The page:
On March 24, 2022, the United States Supreme Court decided Houston Community College System v. Wilson, holding that an elected official does not possess an actionable First Amendment retaliation claim arising from a purely verbal censure. Justice Gorsuch authored the opinion for a unanimous Court.
This case arises from years of disagreements between David Buren Wilson, an elected member of the Houston Community College System (HCC) Board of Trustees, and the Board. After his election in 2013, Wilson voiced his disagreement with his colleagues about the best interests of HCC and began filing various lawsuits challenging the Board’s actions. In 2016, the Board publicly reprimanded Wilson. In the following months, Wilson accused the Board in various media outlets of violating its bylaws and ethical rules, arranged robocalls to the constituents of certain trustees and hired a private investigator to surveil another trustee. He also filed two lawsuits in state court against the Board.
At a 2018 meeting, the Board adopted another public resolution censuring Wilson. The resolution stated that Wilson’s conduct was “not consistent with the best interests of [HCC]” and “not only inappropriate, but reprehensible.” The Board also determined that Wilson was ineligible for election to Board officer positions, ineligible for reimbursement for any college-related travel and recommended that he complete additional training relating to governance and ethics.
Shortly after adoption of the second resolution, Wilson asserted claims against HCC and the trustees alleging the Board’s censure violated the First Amendment. The district court granted HCC’s motion to dismiss the complaint based on lack of standing under Article III. The Fifth Circuit reversed, holding that Wilson had standing and his complaint stated a viable First Amendment claim. The Supreme Court granted HCC’s petition for certiorari to determine whether a purely verbal censure gives rise to an actionable First Amendment claim.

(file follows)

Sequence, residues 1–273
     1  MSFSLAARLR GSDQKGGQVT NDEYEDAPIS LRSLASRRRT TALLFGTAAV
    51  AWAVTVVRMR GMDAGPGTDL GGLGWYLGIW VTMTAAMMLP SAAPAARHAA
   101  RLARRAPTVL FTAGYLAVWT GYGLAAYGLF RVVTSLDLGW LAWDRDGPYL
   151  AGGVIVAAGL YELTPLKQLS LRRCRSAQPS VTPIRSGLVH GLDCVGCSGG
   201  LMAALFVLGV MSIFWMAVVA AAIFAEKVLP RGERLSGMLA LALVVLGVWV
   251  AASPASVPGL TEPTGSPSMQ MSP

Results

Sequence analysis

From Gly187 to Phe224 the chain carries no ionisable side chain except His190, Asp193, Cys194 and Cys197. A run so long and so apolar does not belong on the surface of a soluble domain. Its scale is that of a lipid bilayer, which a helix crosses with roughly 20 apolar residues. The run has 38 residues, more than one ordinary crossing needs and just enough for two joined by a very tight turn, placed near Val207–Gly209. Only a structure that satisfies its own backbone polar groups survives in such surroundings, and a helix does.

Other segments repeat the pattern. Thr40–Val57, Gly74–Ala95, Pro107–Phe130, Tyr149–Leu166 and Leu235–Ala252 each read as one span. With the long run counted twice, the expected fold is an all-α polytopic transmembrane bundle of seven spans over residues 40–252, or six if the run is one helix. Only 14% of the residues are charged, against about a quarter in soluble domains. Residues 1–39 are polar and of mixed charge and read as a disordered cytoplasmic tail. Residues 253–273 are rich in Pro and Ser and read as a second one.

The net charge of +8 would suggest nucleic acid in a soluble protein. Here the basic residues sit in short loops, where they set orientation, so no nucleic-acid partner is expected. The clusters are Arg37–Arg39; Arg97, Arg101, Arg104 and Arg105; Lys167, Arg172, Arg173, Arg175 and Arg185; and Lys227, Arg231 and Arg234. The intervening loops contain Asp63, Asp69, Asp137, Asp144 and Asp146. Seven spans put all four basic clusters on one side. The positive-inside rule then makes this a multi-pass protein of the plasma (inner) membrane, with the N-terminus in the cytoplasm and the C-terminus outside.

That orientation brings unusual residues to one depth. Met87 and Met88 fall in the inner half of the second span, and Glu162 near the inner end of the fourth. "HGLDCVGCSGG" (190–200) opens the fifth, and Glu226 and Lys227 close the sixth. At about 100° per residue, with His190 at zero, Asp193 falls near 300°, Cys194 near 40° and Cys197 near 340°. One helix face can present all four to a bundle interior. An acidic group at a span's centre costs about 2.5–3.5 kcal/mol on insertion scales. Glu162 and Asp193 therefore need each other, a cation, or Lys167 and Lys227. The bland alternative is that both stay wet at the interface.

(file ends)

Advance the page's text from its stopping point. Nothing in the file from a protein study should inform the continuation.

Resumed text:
The Supreme Court reversed the Fifth Circuit, finding that verbal censure, without more, is protected free speech that does not give rise to an actionable claim. Relying on both historical precedent and contemporary doctrine, the Court noted that a plaintiff pursuing a First Amendment retaliation claim must show, among other things, that the government took an adverse action in response to his speech that would not have been taken absent the retaliatory motive. The Court enumerated censures against elected officials spanning more than 200 years, which the Court concluded “suggests an understanding of the First Amendment that permits “[f]ree speech on both sides and for every faction on any side.”
Specific to Wilson’s case, the Court opined that the adverse action Wilson complained about did not give rise to a First Amendment retaliation claim because: (1) Wilson’s status as an elected official comes with an expectation that he will shoulder a degree of criticism about his public service; and (2) HCC’s censure was itself a form of speech that is entitled to protection. The Court noted that just as “[t]he First Amendment surely promises an elected representative like Mr. Wilson the right to speak freely on questions of government policy, . . . just as surely, it cannot be used as a weapon to silence other representatives seeking to do the same.”
In reaching this conclusion, the Court upheld the long-standing constitutional history of elected bodies exercising their power to censure their members. The Court reiterated the breadth and strength of the First Amendment and the import it has in ensuring all voices are heard, including elected bodies, through the protection of free speech.
The opinions expressed are those of the author and do not necessarily reflect the views of the firm, its clients, or any of its or their respective affiliates. This article is for informational purposes only and does not constitute legal advice.